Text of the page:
Holy reinvention! Unlike previous entries, there's nothing glib or campy about the caped crusader in director Christopher Nolan's ambitious, dark and exhilarating take on a franchise that's been lying dead as a doornail for half a decade. In an attempt to make up for the rubber-nipples-on-the-bat-suit disaster of 1997's Joel Schumacher flop Batman & Robin, the Warner Brothers brass chose to start from scratch, retelling the origin of the superhero from the beginning. The film follows young Bruce Wayne from his wealthy parents' demise to his years of globetrotting and martial-arts training, culminating in his emergence as the relentless defender of Gotham City's tarnished virtue. Stealing a page from rival Marvel Comics, which hit big with Sam Raimi's Spider-Man and Bryan Singer's X-Men, the brain trust at Warner and DC Comics has enlisted a director with energy and a fresh artistic approach. Nolan won raves with his razor-sharp crime thrillers Memento and Insomnia, and though this film doesn't perform quite the same narrative acrobatics, it shares the gritty atmosphere and adult tone of Nolan's earlier works. At times it plays like a police procedural, a summer blockbuster and even a horror film, but it's seldom dull. It's somber without being too melancholy, and refreshingly free of camp or the gothic pop opera overkill of Tim Burton's take. The script was penned by David Goyer of the Blade trilogy. Here, he combines the mythos of Batman with boatloads of ominous Jungian overtones, replete with dual identity confusion, misplaced rage and lots of father issues.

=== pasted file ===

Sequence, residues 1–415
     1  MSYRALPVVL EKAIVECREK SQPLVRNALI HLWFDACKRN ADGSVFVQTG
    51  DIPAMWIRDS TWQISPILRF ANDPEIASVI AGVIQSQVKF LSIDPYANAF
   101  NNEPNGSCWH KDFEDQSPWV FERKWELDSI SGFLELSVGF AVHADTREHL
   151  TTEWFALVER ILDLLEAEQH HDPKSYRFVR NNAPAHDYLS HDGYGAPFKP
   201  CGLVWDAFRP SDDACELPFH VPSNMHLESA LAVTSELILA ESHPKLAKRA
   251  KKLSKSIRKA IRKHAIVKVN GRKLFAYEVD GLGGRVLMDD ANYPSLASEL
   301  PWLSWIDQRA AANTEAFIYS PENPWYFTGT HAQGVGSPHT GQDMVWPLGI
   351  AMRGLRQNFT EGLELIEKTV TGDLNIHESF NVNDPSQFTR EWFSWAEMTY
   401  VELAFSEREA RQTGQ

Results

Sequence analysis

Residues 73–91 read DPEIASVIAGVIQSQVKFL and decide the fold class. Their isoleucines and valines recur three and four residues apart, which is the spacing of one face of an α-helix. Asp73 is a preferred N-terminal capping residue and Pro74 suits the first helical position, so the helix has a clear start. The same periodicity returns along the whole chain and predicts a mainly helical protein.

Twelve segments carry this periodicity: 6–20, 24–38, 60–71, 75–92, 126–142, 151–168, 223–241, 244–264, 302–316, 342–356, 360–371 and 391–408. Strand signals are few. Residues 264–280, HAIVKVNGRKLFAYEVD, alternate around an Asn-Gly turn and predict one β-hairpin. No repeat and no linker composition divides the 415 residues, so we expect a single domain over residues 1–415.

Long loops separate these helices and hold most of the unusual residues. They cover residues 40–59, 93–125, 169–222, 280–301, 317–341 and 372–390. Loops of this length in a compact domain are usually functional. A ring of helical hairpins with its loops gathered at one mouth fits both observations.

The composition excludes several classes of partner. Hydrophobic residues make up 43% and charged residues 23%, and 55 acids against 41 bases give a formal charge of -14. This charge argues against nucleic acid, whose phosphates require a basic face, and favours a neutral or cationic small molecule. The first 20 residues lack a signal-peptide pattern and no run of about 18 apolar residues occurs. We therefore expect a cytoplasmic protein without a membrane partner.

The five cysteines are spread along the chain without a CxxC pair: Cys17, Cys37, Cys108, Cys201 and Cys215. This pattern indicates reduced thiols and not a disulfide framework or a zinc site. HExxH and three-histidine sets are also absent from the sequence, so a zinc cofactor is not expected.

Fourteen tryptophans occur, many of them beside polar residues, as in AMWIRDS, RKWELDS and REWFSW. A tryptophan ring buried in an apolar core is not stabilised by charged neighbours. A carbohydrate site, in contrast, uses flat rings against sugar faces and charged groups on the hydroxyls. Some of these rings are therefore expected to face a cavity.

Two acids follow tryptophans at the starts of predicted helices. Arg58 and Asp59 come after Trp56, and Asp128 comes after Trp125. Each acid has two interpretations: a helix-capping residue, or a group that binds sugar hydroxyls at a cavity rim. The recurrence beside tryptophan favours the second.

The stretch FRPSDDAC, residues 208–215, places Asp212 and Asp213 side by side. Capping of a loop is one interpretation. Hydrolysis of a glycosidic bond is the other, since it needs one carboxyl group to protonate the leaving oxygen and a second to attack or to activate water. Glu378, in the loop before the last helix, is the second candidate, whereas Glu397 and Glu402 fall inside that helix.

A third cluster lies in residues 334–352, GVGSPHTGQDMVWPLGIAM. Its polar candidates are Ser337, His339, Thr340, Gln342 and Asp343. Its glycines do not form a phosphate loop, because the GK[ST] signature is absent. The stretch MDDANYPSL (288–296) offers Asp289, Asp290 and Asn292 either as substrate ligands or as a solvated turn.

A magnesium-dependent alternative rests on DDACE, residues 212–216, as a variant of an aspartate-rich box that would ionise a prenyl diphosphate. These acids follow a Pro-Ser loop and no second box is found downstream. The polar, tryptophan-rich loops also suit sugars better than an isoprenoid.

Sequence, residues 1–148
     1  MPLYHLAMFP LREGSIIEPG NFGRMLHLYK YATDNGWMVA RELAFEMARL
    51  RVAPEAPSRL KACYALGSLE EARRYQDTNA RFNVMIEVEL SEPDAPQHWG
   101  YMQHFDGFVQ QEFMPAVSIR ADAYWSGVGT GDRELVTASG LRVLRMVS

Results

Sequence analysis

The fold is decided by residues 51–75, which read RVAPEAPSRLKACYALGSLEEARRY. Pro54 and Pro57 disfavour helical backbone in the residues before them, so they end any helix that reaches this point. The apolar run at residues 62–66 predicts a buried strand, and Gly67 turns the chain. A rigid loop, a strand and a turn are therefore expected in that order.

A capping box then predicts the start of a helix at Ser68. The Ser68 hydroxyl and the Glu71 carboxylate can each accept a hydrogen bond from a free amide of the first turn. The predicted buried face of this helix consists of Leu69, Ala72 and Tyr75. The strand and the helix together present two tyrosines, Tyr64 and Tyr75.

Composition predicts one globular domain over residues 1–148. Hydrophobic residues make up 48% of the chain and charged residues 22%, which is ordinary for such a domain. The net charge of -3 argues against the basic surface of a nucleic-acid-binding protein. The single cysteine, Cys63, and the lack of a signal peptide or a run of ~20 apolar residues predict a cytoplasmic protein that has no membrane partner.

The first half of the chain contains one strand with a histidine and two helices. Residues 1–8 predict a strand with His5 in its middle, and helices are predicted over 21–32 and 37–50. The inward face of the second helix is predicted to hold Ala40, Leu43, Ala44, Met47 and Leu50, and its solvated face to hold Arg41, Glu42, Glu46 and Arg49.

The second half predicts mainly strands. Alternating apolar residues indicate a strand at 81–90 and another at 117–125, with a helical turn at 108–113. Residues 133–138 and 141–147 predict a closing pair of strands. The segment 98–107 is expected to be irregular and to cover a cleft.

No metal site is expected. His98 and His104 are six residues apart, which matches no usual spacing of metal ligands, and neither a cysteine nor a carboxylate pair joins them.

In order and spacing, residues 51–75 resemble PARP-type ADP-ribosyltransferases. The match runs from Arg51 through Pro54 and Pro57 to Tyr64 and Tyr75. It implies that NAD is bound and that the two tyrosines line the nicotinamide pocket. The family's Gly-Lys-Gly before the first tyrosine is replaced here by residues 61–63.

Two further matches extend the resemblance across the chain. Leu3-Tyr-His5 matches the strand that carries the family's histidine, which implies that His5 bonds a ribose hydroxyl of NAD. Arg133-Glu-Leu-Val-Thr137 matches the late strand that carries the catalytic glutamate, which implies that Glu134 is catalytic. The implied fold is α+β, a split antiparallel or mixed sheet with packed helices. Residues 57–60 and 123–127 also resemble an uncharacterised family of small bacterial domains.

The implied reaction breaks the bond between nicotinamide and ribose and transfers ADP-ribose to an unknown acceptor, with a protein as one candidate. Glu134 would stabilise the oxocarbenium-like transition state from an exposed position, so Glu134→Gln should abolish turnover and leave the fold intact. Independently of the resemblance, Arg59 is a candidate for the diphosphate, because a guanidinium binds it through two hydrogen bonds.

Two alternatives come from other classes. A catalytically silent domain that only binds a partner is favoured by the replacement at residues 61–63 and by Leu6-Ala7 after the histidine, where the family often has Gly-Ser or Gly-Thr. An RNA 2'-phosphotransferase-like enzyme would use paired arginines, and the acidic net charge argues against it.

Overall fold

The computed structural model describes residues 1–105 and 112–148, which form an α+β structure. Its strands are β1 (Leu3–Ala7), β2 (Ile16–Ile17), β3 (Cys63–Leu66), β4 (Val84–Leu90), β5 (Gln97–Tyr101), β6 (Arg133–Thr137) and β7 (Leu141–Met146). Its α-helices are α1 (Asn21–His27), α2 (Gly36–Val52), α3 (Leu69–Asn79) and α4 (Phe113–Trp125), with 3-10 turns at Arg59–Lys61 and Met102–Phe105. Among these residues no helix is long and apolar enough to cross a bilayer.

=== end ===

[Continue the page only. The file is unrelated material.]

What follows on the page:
Christian Bale has the charm and steely eyed intensity to flesh out the enigmatic hero, but he's also suave enough to pull off the callow playboy cover that Wayne uses to conceal his nocturnal endeavors. Cillian Murphy (28 Days Later) isn't given much to chew on as the villainous Scarecrow, but his ghoulish mask and plot to poison the city's water supply with paranoia-inducing toxins is effective. There's a small army of fine actors in supporting roles, including Morgan Freeman, Gary Oldman and Michael Caine (as Wayne's loyal butler Alfred). Also strong is Liam Neeson as a mentor-menace to our hero, though his lengthy monologues about destiny and the power of harnessed anger have a distinctly Jedi air to them. Totally wasted is Katie Holmes as Bruce Wayne's childhood sweetheart, a plucky, impossibly young D.A. who can sermonize about justice and evade hordes of maniacs without ever smudging her makeup or snagging her hosiery. Though she's the stiffest performer in the film, there's little for her to work with: The character is bland, and the romantic subplot with Bale is a wash. We all know that Batman is ultimately married to the night, and so the awkward arguments and puppy love flirtations with her are mostly dead air.
Fortunately the weak spots are few and far between, making Batman Begins the most consistent and rewarding Batman film since, well, the beginning.
Corey Hall writes about film for Metro Times. Send comments to email@example.com.